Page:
Caseback - The back of the watch

Champagne dial - This term is used to describe a gold coloured dial

Chronograph - A watch which has two independent systems: one provides the time of day while the other system measures intervals of time against an action such as running. This feature allows one to record the length of an event starting from zero and to stop and start or go back to zero at the push of a button. A chronograph therefore performs the function of a stopwatch.

Clasp - The fastening mechanism attached to a bracelet. It connects the two ends of the watch bracelet or strap around the wrist.

Clasp- Deployment/buckle - The portion of the band designed to fasten and unfasten a buckle watch. Also known as a hidden clasp.

Countdown timer - Measures remaining time from a preset period of time.

Crown - A small knob situated on the outside of an analogue watch case, normally positioned at 3 o'clock. The crown is used to set the hands and the day/date window. In a mechanical watch the crown is called a "winder".

Crown- Screwdown locking - A crown which aides water resistance by sealing the crown against the case. The seal is achieved by matching of a threaded pipe on the case with the crown's internal threads and gasketing while twisting the crown to lock it into place

Crystal (glass) - The mineral or synthetic (glass-like) covering over the watch dial. Refer to glass.

D

Day/Date - This function on a watch shows the day of the week and/or date of the month.

Dial (face) - This is the face of the watch. In an analogue watch the dial consists of numerals or markers indicating the time divisions enabling the wearer to tell the time.

Digital - A timepiece that shows the time in numbers, rather than by hands on a dial. The numbers appear in LCD (liquid crystal diode) which shows a continuous reading or in LED (light emitting diode) which shows time at the push of a button.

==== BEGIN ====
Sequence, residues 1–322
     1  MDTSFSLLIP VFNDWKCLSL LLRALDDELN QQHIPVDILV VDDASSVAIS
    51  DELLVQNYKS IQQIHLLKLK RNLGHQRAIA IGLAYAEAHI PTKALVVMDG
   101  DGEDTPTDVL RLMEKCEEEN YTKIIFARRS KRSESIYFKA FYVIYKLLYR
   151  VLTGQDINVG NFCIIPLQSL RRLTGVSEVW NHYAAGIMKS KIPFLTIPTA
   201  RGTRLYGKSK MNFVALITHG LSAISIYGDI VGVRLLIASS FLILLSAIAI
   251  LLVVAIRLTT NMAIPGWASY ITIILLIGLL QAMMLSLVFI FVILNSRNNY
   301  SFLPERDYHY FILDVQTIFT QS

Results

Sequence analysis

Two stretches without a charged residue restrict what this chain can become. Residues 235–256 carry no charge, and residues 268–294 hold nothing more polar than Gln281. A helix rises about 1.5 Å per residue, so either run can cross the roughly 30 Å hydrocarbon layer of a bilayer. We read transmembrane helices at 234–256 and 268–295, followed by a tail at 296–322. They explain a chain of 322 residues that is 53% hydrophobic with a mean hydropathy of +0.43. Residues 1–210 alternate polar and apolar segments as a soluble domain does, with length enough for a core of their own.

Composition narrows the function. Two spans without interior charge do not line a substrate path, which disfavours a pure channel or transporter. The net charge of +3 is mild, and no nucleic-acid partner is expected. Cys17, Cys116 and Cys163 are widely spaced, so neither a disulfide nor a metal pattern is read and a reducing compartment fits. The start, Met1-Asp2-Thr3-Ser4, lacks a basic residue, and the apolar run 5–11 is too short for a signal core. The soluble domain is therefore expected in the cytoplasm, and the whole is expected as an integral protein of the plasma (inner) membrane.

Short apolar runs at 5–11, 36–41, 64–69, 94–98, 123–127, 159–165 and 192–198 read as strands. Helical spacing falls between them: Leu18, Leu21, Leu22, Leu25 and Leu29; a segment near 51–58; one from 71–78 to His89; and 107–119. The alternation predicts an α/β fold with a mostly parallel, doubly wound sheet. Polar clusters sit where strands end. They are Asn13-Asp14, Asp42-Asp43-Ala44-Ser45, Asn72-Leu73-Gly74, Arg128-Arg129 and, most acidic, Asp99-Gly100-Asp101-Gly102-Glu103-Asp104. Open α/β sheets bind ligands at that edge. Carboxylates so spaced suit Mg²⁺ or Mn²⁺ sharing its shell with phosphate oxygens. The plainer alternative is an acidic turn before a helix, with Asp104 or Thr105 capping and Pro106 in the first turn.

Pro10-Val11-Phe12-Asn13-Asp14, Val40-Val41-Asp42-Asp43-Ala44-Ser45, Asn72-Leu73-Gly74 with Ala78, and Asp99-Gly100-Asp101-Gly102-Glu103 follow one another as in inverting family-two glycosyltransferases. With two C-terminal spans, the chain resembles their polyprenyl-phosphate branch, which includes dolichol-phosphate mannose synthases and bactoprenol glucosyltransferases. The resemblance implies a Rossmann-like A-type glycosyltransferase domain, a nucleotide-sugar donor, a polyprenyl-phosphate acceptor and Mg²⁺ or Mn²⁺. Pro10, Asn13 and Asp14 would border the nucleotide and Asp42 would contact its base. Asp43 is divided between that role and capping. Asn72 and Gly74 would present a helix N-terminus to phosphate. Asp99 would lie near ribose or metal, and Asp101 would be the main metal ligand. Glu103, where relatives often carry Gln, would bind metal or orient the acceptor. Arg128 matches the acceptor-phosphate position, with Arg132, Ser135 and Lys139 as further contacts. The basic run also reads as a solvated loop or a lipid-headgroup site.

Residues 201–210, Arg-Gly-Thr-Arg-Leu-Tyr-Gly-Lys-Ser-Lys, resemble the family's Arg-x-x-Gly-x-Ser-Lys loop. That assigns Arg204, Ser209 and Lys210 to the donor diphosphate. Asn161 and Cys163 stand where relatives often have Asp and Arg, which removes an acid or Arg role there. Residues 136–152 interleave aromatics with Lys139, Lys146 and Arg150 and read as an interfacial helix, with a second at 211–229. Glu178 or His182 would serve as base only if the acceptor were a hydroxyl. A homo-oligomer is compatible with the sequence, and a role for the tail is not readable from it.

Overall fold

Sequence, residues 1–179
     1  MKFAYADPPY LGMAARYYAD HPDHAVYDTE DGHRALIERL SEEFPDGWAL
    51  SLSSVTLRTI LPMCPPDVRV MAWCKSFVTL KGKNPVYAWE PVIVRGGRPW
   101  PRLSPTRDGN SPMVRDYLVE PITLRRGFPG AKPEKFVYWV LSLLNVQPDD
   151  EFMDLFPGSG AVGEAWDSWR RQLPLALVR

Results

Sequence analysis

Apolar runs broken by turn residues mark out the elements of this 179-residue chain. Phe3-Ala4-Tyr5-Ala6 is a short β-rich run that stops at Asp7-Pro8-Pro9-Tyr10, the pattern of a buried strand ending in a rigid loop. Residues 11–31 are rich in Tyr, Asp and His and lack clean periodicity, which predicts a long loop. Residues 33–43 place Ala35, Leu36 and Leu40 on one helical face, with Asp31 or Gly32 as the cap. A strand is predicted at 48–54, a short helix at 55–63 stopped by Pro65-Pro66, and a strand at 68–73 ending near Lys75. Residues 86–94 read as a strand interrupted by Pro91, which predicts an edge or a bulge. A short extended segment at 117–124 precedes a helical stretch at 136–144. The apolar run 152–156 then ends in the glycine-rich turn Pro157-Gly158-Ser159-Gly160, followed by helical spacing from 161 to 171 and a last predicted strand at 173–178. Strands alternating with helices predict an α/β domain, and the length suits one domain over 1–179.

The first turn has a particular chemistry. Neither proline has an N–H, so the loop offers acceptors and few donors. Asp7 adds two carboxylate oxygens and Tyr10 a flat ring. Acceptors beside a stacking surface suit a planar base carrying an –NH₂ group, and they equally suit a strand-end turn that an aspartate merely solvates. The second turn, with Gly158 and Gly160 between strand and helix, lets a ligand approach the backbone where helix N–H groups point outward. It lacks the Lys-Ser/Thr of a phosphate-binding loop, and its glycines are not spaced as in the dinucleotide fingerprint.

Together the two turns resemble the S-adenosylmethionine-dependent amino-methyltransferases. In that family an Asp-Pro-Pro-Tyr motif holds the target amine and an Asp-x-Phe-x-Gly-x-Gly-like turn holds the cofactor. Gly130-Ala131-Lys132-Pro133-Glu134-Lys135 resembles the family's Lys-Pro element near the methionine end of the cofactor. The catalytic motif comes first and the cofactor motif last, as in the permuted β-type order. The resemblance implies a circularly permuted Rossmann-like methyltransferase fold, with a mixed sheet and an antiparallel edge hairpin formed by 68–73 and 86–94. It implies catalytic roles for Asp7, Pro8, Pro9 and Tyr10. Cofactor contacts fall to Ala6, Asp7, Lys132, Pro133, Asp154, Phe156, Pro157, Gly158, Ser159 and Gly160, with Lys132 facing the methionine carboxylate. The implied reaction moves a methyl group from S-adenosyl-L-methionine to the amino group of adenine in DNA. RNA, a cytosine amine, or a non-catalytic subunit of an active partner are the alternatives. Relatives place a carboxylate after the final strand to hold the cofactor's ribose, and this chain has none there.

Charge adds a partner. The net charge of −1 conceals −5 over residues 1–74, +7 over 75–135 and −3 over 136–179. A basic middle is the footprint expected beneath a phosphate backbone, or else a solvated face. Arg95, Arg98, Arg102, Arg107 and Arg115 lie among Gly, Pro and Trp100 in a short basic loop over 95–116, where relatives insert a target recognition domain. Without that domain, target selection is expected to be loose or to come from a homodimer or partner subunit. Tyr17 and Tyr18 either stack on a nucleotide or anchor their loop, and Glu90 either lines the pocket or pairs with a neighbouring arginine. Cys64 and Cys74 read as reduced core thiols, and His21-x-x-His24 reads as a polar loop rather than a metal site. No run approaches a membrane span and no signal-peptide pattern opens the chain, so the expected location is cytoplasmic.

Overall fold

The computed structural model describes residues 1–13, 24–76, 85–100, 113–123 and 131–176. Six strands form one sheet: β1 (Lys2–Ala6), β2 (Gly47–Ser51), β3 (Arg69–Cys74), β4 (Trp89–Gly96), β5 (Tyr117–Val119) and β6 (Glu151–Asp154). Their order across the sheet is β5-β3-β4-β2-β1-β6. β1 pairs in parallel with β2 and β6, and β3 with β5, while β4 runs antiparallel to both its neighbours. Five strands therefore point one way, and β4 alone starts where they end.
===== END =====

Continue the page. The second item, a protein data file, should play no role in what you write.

Diver's watches - Diver's watches are designed and manufactured to meet ISO (International Standardisation Organisation) regulations, as the lives of the diver's depend on the reliability of their watch in the water. SEIKO Diver's watches meet various standards regarding water resistancy, pressure resistancy, readability in the water, etc., and have the word "Divers" on the dial of the watch.

Dual Time - Capability of a watch to display time in two different time zones.

Duo display - A watch with duo-display has both analogue hands and a digital display which can be used to show the chronograph and alarm functions and a different time zone.

E

Electro luminescent display - A bright blue-green panel lit by current from the battery at the press of a button, which then stays luminated for three seconds. This type of dial lumination provides easy reading of the time and other data in the dark or under water.

F

Face (dial) - This is also known as the dial. It is more commonly used to describe the dial of a clock. Refer to dial.

Finish - The surface texture of cases and bands, such as highly polished, satin, metal injection moulding, etc.

Frequency - The measurement of oscillations per second. The oscillation rate of the quartz crystal depends on the shape and the way it is cut.

Functional - This term is often used to describe a watch which is water resistant and has three hands with a calendar or day/date.

G

Generating rotor - A permanent rotating magnet capable of achieving an instantaneous speed equivalent to 100,000 revolutions per minute.